10 Best Mobile Friendliness Tests [+ What Does it Mean to be Mobile Friendly?]

Curt del Principe

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Nobody wants to sit there pinching, poking, and squinting at their phone just to view your website. So it should come as no shock that 50% of people will use a business less often if their site isn’t mobile friendly, according to Google.

Man checks his website with a mobile friendliness test

But how can you be sure that your website is mobile friendly? Sure, you could check it on your own smartphone. But what about the hundreds of other kinds of phones and tablets that your visitors are using?

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Today we’ll cover a selection of mobile friendliness tests that will give you clear answers and actionable tips. For each test, we’ll put our own site through the wringer, so you can make an apples-to-apples comparison of the results. Then we’ll take a look at what it means to be mobile friendly and how it can impact your SEO. But first… what even is a mobile friendliness test?

A good mobile friendliness test will look at a wide range of factors. These include technical factors such as:

  • Site speed
  • CSS and Javascript use
  • Plugins like Flash or Java

They’ll also include usability factors like:

  • Is the text readable without zooming?
  • Does the content fit the screen without scrolling sideways?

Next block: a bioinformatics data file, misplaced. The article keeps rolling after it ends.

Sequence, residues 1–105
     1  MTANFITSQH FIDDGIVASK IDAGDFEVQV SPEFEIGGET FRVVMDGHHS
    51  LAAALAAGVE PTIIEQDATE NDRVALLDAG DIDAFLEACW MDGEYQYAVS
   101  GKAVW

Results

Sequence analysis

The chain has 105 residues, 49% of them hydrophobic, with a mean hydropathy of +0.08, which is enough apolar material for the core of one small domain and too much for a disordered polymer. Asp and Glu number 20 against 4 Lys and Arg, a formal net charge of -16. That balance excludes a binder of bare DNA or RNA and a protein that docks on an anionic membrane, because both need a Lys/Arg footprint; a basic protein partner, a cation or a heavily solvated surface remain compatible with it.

• Are links and buttons easily clickable?

But while most mobile tests will consider the same factors, not all of them will give you the same results. That’s why we’ve assembled a list of the 10 best mobile friendliness tests to consider.

1. Website Grader

Website Grader mobile friendliness test results

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Website Grader is HubSpot’s own test, powered by data straight from Google Lighthouse. It offers a 30-point assessment of factors that affect your mobile friendliness. Then it shows you easy-to-understand recommendations to improve your site.

Not sure what the recommendations mean? Click through into free video lessons on how to optimize a responsive website for mobile.

What stands out:

  • Also grades your website’s performance, SEO, and security at the same time.

Offers actionable tips: Yes

Cost: Free

2. Google Mobile Friendliness Test

Google passing mobile friendliness test results

Instead of a grade scale, like some other tools, Google’s mobile test offers a simple pass/fail. Either your “page is usable on mobile” or your “page isn’t usable on mobile.”